Germany warns of asset bubbles, rebuffs IMF idea to stir inflation in Europe with bond program

BRUSSELS – Germany’s finance minister on Monday issued a stark warning that global central banks’ efforts to inject more liquidity into the financial system are feeding asset bubbles — which could eventually burst and cause the next crisis.

Wolfgang Schaeuble also rejected a recommendation by the International Monetary Fund that the European Central Bank should resort to large-scale bond purchases — of the kind the Federal Reserve is making — to help growth and protect the 18-nation eurozone from deflation.

“We don’t have too little liquidity in financial markets but rather too much,” Schaeuble said after a meeting of European finance ministers in Luxembourg.

“All experience of economic history tells us that such situations lead to bubbles,” he added, noting that the low interest rates in developed economies are pushing investors into riskier markets including real estate.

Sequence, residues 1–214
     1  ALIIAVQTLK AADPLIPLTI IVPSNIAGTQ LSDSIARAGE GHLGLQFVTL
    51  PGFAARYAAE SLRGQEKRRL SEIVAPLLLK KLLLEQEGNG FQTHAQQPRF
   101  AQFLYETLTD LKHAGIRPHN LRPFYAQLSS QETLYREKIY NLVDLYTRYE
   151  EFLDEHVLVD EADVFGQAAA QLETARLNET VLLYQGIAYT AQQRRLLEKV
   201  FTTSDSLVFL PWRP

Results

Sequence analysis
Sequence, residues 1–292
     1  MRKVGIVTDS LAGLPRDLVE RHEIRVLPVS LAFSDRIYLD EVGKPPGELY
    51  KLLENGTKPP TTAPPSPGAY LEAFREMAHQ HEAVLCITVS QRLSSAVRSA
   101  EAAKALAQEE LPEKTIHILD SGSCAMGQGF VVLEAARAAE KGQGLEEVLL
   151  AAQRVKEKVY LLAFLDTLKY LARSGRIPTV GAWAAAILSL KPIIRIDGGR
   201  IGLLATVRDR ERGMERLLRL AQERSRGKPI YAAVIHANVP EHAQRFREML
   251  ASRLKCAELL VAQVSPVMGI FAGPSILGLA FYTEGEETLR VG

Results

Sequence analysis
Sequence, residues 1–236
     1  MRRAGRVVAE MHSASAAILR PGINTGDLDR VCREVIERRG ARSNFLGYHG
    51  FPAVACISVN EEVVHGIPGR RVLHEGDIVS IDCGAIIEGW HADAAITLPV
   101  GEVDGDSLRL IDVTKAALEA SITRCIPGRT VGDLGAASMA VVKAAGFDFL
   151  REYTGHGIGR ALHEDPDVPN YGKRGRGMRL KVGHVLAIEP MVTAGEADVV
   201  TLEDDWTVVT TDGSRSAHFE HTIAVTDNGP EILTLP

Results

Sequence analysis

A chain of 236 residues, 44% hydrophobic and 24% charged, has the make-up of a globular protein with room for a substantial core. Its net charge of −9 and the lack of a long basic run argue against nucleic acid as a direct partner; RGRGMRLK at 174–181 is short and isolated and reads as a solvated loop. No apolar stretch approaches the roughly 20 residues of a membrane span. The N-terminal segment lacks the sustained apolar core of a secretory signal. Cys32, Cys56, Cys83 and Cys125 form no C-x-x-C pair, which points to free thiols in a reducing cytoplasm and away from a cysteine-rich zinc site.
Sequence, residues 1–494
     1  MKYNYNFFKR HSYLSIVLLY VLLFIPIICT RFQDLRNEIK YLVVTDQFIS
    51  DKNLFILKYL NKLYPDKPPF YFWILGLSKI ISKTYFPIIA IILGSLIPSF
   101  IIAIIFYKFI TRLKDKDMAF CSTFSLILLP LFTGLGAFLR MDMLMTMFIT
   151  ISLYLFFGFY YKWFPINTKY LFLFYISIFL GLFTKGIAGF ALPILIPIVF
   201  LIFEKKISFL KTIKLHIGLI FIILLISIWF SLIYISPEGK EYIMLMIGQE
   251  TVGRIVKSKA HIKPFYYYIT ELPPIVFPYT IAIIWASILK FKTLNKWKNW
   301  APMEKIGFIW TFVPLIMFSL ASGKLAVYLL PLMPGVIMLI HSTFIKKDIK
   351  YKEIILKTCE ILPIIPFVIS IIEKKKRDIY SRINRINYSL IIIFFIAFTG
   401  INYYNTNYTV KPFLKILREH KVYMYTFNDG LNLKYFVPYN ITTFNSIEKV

Germany has long been aggressive on combating inflation and cautious about big stimulus programs.

The IMF on Thursday recommended that the ECB should make large-scale purchases of assets such as bonds if “inflation remains stubbornly low.”

The eurozone’s inflation rate stands at 0.5 per cent, well below the ECB target of 2 per cent. A deflationary slump, in which prices fall persistently, would threaten to choke economic growth.

A top ECB official said the IMF recommendation was not at odds with the central bank’s clearly stated policy that it was prepared to do yet more “in case inflation would prove too low for too long.”

But executive board member Benoit Coeure said the ECB’s current policies — which include increasing liquidity in the financial system, low interest rates and facilitating lending to the economy — would be enough for now. That suggests large-scale bond purchases are not on the agenda.

“It is not needed today,” he said.

ECB President Mario Draghi has hinted the bank would be prepared to conduct a large-scale bond buying program, but that unprecedented step would be fraught with legal and practical uncertainties.

In the United States, the Fed has had some success with such a bond purchases program, dubbed “quantitative easing.” Its economy is recovering and the Fed is now reducing, or “tapering,” the program.


Follow Juergen Baetz on Twitter at